Two weeks ago I wrote about the UK North Sea being a sleeper play for the global oil and gas industry.
And the last several days a number of data points emerged confirming the potential in this left-behind region.
The first indicator was a surge of new interest in the North Sea as part of the UK's 28th Offshore Licensing Round. Which saw a near-record number of new blocks handed out to some of the world's largest petroleum players. Related: US Shale: How Smoke And Mirrors Could Cost Investors Millions
The UK's Oil and Gas Authority announced last week that it granted 175 new licenses for offshore oil and gas exploration -- covering 353 blocks. Officials called it "one of the largest rounds in the five decades since the first licensing round took place in 1964".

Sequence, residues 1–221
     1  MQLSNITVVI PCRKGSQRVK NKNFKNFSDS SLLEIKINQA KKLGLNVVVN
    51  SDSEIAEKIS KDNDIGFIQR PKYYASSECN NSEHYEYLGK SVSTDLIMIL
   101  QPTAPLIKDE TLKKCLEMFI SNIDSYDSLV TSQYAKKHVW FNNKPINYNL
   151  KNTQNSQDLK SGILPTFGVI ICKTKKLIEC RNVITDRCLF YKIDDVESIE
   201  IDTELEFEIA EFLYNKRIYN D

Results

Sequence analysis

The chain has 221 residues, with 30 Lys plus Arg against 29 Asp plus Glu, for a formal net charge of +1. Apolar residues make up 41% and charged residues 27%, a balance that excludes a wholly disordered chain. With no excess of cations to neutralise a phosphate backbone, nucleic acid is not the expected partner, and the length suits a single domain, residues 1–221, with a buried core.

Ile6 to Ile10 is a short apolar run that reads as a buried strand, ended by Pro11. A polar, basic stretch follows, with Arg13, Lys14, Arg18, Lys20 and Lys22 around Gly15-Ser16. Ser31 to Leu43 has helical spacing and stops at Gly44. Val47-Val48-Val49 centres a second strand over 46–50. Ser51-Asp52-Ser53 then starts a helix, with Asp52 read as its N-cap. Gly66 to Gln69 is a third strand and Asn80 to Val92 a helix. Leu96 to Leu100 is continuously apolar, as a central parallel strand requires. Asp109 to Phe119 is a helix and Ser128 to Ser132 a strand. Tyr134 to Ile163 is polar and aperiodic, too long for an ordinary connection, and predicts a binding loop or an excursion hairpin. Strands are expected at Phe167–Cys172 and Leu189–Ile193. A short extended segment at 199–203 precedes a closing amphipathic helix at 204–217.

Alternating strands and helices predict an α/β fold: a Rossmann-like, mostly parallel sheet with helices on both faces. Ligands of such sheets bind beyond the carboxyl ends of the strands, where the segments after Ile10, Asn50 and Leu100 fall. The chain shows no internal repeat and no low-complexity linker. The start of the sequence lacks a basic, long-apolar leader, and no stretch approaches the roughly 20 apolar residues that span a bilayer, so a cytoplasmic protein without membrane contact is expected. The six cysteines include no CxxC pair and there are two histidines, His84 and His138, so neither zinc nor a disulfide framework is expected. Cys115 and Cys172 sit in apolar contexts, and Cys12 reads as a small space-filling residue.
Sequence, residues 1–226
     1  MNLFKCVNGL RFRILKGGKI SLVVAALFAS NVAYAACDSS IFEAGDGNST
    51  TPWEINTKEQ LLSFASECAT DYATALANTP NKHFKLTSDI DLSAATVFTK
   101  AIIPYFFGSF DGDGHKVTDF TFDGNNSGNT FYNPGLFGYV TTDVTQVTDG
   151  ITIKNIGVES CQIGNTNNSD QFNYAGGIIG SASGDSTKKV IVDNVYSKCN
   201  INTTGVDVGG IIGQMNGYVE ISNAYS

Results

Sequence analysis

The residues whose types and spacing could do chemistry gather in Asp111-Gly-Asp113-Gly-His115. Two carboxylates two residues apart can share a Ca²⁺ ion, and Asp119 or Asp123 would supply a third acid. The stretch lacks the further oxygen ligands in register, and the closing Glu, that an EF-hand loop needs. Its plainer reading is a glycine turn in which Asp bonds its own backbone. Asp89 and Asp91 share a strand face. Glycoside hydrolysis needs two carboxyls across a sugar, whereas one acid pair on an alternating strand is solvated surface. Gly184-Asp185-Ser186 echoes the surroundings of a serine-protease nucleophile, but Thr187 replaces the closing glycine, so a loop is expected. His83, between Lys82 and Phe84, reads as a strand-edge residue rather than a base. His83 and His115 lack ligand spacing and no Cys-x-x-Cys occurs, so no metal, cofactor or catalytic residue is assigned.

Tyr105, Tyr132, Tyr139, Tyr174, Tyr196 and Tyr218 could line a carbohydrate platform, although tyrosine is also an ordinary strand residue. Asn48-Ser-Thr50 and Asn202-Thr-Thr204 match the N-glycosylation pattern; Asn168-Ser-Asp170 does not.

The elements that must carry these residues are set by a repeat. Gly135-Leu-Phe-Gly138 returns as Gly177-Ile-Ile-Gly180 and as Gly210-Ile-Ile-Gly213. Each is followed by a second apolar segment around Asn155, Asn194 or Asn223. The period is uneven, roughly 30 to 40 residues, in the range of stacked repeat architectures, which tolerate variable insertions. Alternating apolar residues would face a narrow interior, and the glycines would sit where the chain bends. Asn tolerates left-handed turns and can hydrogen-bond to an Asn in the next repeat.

And it wasn't just junior or even mid-tier firms that were rushing for North Sea waters. The round saw blocks awarded to heavyweight E&Ps such as BP, Shell, Total and ENI.
Then, just days later, further news on the North Sea confirmed why there's so much interest. Related: Don't Expect An Oil Price Rebound This Side Of 2017
That was new statistics from the UK's Department for Energy showing that oil and gas production in the North Sea has done something no one was expecting -- risen.
The numbers suggest that production during the first six months of 2015 rose by 2.5% as compared to the first half of 2014.
While that might not sound like a spectacular rise, it's a big development for the North Sea. Because it would represent the first time production has increased here in 15 years. Related: US Oil Production Finally Starting to Decline
Authorities cautioned that the data is provisional. But if the trend is confirmed, it could signal a turn-around for this "mature" region -- of the kind that took place in the U.S. Gulf of Mexico during the 1990s.
Add all of that to recently-announced tax breaks for North Sea explorers, and this is one of the most interesting plays to emerge in energy for some time. Project developers, take note.
Here's to a star being re-born,
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